38 comments:

Andi said...

Thank you so much for sharing your story, it's very encouraging and means a lot to those of us going through similar issues :)

Laryssa said...

You're one of the lucky ones. I hope I can reach the mental state you are currently in; the one where I can get rid of all the emotional stuff that makes me go back to my old eating habits.

Your post from yesterday also hit home for me. I've realized that I'm a "bored" eater and need to find ways to occupy my mind so I don't just want to sit and eat when I'm bored.

Trixie said...

Great post and very timely! I've been struggling with this a lot too.

Thanks,

Trixie

midlife_swimmer said...

amen!

Splurgie said...

Sounds like you're doing the hard emotional work along with the diet and exercise. You won't fail!

Jack Sh*t, Gettin' Fit said...

Wonderful sentiment, Lyn.

Brandipants said...

You are a wonderful person! You have come so far and not only changed physically but I think you have changed emotionally too. You are dealing with all your problems and facing them head on. Way to go. Keep up the good work. You deserve to be happy and healthy! Cheers to you!

aapuzzanchera said...

Awesome post! Thank you for sharing!

Autumnforest said...

I can very much relate with the mother issues. I spent the past 10 years figuring out why I gained weight during the last 10 years. My husband blamed in my lack of control and became angry with me (really turned a lightbulb on for me). I realized that I had let him command how I cleaned house, how I looked, how I acted, what my interests were, and I had lost myself completely. The real me who was skinny until 10 years ago was opinionated, liberal, goofy, lovable, has a wicked sense of humor and is into weird things that my husband totally disapproves of. When I reclaimed that gal again, I quit eating and my weight is dropping rapidly. I was basically shoving my mouth shut so I couldn't fight the forced censorship of my personality. I don't give a damn anymore if he likes or doesn't like the person I TRULY am, I will never let someone else dictate who I am ever again and I'm back into my old skin more and more each day I continue to be genuine. So, I get what you're going through. Sometimes, we force square pegs into round holes and be everyone's everything and forget about ourselves. When you feed your real soul, your body doesn't care about the food at all.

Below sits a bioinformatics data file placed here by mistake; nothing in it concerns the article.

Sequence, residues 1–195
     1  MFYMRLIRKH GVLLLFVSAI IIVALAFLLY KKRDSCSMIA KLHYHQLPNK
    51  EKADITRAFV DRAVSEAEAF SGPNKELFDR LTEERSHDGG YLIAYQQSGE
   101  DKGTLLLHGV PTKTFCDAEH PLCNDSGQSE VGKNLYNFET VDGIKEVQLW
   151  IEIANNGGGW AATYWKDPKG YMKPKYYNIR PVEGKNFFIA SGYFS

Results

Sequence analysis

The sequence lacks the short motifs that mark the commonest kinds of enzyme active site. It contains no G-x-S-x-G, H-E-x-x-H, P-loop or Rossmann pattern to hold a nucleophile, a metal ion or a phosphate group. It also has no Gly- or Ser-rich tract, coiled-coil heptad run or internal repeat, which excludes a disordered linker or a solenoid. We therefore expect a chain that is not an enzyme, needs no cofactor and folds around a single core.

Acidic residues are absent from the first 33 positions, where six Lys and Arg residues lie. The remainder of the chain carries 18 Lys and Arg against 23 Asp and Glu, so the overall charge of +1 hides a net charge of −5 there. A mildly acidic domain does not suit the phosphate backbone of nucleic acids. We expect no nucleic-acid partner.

beerab said...

Congratulations on getting down to 201 :)

Wishing on a star said...

I liken the new me to my Edgar suit (Men in Black movie reference). I am still trying to get used to it. Sometimes I look down at my arms and legs and think who's are these? Great post as usual.

Thank you.

Rose B. said...

I read your post with sadness realizing that I could have written your post. You are truly an inspiration. I hope the pain and hurt shed more layers. Thanks for being so open and making many of us feel less alone.

Jenny S said...

Great post! I can't wait until I too can feel like you do ... shedding my suit. I'm so sorry about your dream, how terrible! I'm also sorry about your family heirlooms. :( How sad. I'm so glad you are breaking free from the mindsets that can hold back.

Lily Fluffbottom said...

Thank you for sharing. You've done amazing, I hope you know.

Sheilagh (60 x60) said...

Thank you, I really needed to hear this, you don't know how much this post has helped me:)

Sheilagh

Auntie M said...

This is such a hard thing, the emotional shedding. At some parts of the weight loss it seems easy and I am like you are-- care free.

At other times, the scariness of it creeps in and I lose focus.

I have not had an easy or seamless move from 200 to 100s. In fact, I went below and have teetered and now rest above the line again.

I want your focus!

So-Me said...

This post is really great, I feel like every pound lost is bringing me closer to freedom. I am working out SO many emotional issues, and I know that is why I will succeed this time. I love how you say it's like you've been lugging around a couple of suitcases full of rocks and then you left them at the curb. I am going to visualize doing this with a lot of my baggage. I so do not need it anymore. Letting go of the past feels amazing - it is so nice to just breathe again :)